Chunky Giving: The Best Reason to Start a Donor Advised Fund
Here’s the story.
The 2017 tax bill made a number of changes that impact charitable deductions, especially for middle-class taxpayers. If you typically itemize deductions and regularly give to your church or to other charities, then some of the tax law changes might actually cost you money. This is especially true for taxpayers who live in California, New York, or other high income and property tax states.
Fortunately, if you fit that profile – a Californian who normally itemizes and regularly gives to charity – you can become a Chunky Giver(!) and in all likelihood preserve, or even increase, the tax deductions you are used to receiving. What follows is a brief explanation of the problem and an easy guide to how you can solve it.
Lost Itemized Deductions
The Tax Cuts and Jobs Act of 2017 reduced most personal income tax rates but also made the following changes:
The Standard Deduction was doubled from just over $6,000 to $12,000 per person or $24,000 per couple filing jointly; and,
The deduction for state and local property taxes was limited to $10,000 per person AND to $10,000 per married couple filing jointly.
The increase in the Standard Deduction means there is no tax benefit from any potential deduction unless all of your deductions exceed $24,000 for a couple, which this article illustrates, or $12,000 for a taxpayer filing singly. If, for example you and your spouse give your church $1,000 a month ($12,000 for the year) and the sum of all of your other permitted itemized deductions is $10,000, then that total is only $22,000. In that case, you are not going to itemize your deductions but will instead claim the standard $24,000 deduction. Net, on those numbers, there is no tax benefit to your charitable giving.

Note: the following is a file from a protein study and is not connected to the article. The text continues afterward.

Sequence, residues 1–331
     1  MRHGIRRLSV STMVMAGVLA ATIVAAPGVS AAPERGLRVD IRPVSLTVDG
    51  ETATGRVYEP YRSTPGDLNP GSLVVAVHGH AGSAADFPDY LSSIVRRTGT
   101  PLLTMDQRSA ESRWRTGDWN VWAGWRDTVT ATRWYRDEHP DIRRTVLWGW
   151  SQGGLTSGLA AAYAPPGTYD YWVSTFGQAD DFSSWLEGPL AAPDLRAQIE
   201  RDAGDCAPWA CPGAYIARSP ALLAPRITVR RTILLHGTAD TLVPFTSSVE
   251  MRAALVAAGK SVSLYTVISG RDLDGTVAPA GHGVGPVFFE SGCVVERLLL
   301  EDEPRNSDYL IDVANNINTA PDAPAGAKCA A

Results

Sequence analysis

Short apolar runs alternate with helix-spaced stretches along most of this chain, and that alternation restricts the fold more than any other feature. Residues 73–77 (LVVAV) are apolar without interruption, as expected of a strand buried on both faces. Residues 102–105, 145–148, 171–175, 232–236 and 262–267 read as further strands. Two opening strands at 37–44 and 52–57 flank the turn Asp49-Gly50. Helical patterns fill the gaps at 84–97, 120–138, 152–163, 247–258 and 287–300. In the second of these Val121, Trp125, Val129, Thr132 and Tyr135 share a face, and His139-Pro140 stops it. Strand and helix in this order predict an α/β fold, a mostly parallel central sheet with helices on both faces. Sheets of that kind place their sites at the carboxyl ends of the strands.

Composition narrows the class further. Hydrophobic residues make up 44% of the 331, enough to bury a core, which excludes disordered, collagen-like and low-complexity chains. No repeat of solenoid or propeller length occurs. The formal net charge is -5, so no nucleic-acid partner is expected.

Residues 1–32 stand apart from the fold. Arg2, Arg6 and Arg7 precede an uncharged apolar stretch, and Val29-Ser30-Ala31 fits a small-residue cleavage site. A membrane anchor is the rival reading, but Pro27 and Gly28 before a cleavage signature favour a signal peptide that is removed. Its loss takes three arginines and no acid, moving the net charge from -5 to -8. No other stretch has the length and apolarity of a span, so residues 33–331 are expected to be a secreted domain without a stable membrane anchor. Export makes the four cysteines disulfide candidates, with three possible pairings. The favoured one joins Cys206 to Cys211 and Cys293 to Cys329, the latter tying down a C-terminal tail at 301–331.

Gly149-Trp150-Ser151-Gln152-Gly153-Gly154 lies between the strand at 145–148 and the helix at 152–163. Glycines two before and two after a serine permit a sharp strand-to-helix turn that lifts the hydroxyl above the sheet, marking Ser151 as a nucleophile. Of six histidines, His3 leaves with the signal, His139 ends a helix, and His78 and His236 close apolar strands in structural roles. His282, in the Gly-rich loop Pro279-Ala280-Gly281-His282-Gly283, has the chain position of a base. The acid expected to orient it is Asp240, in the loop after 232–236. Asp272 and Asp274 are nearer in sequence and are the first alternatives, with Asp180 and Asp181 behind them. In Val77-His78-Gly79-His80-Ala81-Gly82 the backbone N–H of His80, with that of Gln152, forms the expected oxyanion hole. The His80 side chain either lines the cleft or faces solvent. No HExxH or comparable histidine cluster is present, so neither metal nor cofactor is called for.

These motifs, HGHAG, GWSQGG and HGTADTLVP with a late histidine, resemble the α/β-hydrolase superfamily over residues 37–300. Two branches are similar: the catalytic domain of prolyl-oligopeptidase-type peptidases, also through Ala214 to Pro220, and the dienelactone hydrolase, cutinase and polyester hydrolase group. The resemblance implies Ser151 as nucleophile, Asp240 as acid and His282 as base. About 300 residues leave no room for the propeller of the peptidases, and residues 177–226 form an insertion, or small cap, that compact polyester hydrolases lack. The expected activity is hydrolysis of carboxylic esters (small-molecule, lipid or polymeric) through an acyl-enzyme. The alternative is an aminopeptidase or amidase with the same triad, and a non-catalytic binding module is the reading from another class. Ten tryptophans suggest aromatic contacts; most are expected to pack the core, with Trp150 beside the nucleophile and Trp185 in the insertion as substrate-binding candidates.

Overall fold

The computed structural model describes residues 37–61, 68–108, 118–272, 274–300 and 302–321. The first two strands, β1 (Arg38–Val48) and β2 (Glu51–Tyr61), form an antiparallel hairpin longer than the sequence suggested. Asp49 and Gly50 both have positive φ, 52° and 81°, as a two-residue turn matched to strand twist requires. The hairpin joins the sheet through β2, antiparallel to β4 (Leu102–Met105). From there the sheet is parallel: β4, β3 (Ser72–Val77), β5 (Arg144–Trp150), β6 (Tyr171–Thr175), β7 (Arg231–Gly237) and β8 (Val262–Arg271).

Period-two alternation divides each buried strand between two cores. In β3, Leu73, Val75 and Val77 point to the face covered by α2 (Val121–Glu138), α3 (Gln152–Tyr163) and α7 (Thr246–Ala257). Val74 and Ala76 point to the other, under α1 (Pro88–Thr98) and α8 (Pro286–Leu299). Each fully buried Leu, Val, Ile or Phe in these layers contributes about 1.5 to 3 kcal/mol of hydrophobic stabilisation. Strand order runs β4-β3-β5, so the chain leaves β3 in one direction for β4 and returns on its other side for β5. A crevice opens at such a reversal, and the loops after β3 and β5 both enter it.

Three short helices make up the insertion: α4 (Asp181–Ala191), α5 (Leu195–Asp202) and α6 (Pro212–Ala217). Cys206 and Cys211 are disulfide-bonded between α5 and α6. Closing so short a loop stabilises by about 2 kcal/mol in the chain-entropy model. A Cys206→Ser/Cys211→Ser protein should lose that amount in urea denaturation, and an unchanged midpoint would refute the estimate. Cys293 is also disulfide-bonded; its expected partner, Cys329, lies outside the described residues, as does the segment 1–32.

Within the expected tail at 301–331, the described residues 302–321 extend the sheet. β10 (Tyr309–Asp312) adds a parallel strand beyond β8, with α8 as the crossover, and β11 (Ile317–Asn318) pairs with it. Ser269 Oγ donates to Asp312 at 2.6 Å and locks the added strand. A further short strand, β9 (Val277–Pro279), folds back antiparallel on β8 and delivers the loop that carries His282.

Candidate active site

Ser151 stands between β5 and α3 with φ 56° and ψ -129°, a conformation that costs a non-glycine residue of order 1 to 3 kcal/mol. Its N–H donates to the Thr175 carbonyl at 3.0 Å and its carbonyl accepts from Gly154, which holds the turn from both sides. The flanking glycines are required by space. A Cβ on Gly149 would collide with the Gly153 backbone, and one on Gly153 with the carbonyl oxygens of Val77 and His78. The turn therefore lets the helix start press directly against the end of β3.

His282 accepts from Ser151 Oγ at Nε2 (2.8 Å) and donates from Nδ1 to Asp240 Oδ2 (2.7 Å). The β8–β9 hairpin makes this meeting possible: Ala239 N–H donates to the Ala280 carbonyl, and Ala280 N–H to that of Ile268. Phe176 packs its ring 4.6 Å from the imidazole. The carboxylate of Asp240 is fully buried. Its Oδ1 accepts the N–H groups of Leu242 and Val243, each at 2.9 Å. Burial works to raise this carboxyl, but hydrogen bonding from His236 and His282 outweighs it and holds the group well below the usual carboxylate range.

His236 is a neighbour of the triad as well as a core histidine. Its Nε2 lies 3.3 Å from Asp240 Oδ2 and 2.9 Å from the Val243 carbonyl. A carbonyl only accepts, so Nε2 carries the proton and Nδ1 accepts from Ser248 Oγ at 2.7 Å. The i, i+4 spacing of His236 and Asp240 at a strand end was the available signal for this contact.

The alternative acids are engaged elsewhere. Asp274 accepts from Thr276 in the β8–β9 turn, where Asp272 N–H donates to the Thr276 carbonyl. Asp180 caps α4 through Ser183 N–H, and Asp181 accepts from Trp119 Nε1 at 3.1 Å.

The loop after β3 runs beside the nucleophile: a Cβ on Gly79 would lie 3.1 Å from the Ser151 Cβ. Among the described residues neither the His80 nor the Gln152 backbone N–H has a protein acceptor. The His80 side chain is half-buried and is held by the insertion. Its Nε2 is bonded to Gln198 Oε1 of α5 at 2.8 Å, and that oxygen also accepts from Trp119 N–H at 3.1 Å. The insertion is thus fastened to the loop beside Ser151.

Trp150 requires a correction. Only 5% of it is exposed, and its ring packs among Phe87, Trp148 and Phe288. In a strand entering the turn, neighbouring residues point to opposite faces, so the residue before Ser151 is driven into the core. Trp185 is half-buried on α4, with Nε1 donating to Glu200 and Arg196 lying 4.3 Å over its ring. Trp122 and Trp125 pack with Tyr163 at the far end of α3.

The limitation on deducting state and local taxes makes the situation worse. Last year, for example, my wife and I paid $17,000 in California income and property taxes, all of which was deductible on our federal income tax return. But our 2018 deduction will be limited to $10,000, even if we pay the same amount or more in state and local taxes. What that means, in turn, is that unless our charitable giving exceeds $14,000, we will not be able to itemize deductions as the standard deduction will be higher. Even if we give more than that, our tax benefit will not be the full charitable amount but only the amount by which our itemized deductions exceed $24,000.
Even if we give more than that, our tax benefit will not be the full charitable amount but only the amount by which our itemized deductions exceed $24,000.
The Solution: Chunky Giving
The answer is to do your charitable giving in “chunks,” by which I mean as much as you can in some years and little or none in other years. This very simple technique will allow many donors to create income tax charitable deductions in excess of the standard deduction and therefore get a true income tax benefit from their giving. In some cases, the existence of the increased standard deduction will actually result in greater savings than under the old law. Let’s look at an example with the same annual charitable giving of $12,000 I used above.
In some cases, the existence of the increased standard deduction will actually result in greater savings than under the old law.